When performances adopt a more consistent, literal approach to interpreting the notation, forensically inferring interpretive principles from the musical results is relatively straightforward. However when an interpretive approach is more flexible or abstract, comparison can easily become a guessing game, particularly if no page numbers or artist comments are available.
What I identify as a free improvisation, because I cannot recognize correspondences between visual symbols and musical events, may not necessarily be so; the rules of interpretation may simply be less obvious.
This happened to me repeatedly when first listening to fast paced performances of many pages — even to strictly symbolic readings such as VC. Such methodological problems compounded the differences in symbolicity I initially sought to cut through; they increased the difficulty of carrying out my plan to base A Treatise Remix on interpretive trends. This became especially clear in my first practical experiments with the collage.
Even when I was able to identify the beginning and end of a particular page in multiple recordings, substantial links among different interpretations were mostly circumstantial. The fact that two or three versions of a given page shared some interpretive trait X was no guarantee they shared any other qualities that could establish the thread I counted on finding in the fog.
Conversely, qualities irrelevant to Treatisesuch as recording artifacts or the simultaneous sounding of a particular instrument in different ensembles, tended to audibly link recordings much more clearly than interpretive content. Notation for the improviser is thus no guarantee of stability. Remember that space does not correspond literally to time. The distance to the sun does not depend on only one speed; it depends on the route.
Symbols or groups can then be grouped immediately and as a whole and placed in relation to some such time-line. The second line of difference, in which hardly any two recordings are alike, is time. As one can see in Treatise Handbookthe number of pages selected for any given performance, the durations of individual pages, and the duration of events assigned to particular symbols within each page are staggeringly diverse.
A few examples should suffice to show this problem:. Although it is difficult to categorize these approaches, time is by no means an arbitrary or independent parameter in individual performances.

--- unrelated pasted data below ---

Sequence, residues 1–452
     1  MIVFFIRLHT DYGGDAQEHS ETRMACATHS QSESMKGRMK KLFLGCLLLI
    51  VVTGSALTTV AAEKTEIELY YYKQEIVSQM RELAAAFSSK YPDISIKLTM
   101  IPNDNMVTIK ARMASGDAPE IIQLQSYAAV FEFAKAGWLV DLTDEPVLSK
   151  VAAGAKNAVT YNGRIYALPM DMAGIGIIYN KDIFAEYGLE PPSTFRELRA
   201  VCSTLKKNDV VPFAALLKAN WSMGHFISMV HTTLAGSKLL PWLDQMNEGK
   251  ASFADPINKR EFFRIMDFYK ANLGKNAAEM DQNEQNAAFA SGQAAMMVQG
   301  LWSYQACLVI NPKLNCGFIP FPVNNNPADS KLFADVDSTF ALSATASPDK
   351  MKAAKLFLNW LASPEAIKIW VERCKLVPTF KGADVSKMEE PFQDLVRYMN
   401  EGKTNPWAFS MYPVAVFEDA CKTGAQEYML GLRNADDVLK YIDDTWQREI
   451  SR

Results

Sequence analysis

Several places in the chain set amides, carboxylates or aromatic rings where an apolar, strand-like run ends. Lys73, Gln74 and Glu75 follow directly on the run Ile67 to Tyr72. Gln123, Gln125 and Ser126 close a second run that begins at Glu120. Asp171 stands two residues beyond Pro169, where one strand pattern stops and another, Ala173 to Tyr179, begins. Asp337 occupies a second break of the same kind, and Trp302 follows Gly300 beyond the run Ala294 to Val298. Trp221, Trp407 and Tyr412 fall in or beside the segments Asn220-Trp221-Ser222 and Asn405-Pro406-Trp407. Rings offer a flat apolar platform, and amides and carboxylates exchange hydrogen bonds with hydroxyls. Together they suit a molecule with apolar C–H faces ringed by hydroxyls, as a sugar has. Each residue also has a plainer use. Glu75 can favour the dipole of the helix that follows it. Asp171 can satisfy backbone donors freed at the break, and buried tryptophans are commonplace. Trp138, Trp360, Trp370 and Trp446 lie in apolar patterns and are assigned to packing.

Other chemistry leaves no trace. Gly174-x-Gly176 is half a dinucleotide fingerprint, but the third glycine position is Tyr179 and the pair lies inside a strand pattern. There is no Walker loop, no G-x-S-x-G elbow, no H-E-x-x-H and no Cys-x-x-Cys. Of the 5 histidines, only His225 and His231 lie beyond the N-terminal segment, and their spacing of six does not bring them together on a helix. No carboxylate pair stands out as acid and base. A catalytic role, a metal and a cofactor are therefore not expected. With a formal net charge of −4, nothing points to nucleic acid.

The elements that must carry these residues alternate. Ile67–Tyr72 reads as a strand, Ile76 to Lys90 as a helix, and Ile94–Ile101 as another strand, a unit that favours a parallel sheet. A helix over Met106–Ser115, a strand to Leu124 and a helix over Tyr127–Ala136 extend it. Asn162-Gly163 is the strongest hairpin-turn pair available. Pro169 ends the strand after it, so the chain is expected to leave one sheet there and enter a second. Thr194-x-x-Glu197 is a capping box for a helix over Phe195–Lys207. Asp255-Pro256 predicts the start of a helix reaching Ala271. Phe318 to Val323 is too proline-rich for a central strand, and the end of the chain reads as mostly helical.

As I suggested in the previous section, the tempi of many recordings defined by the duration of pages, rather than by pulse are closely connected to the audible presence of their symbolicity. Due to the slow tempo, the physicality of his sustained circular rubbing movements on drum heads overshadows the correlation of symbols and events as such. Hannafin dwells within the circles on the page so long that the circle-ness of the page becomes a constant and recedes into the background.
However, in the Lange and the BBC recordings, symbols are easier to identify as gestures or discrete events within the musical discourse. One hears repeated events, percussive outbursts, and glissandi corresponding proportionally to symbols on the page.
These tempi can therefore be considered to be moderate. Although I was unable to find any direct correspondences between the score and the interpretive content other than a short Luftpause toward the end, I continued to sense that what I was hearing could or should correspond because the pacing of the music was comparable with the density of visual information in the score: All these shades of temporal complexity created second-order disjunctions — both between the recordings and between the collage and the score — in the process of layering recordings in my collage.
Like the differences in symbolicity I mentioned in the previous section, these disjunctions posed a challenge to the original plans for A Treatise Remix. To understand how, consider the following test scenario. Three versions of p. I wish to line up the three tracks so these attacks happen more or less at the same time, thus encouraging the listener to associate the interpretive commonality. This would render the following sequence: To compensate, should pp.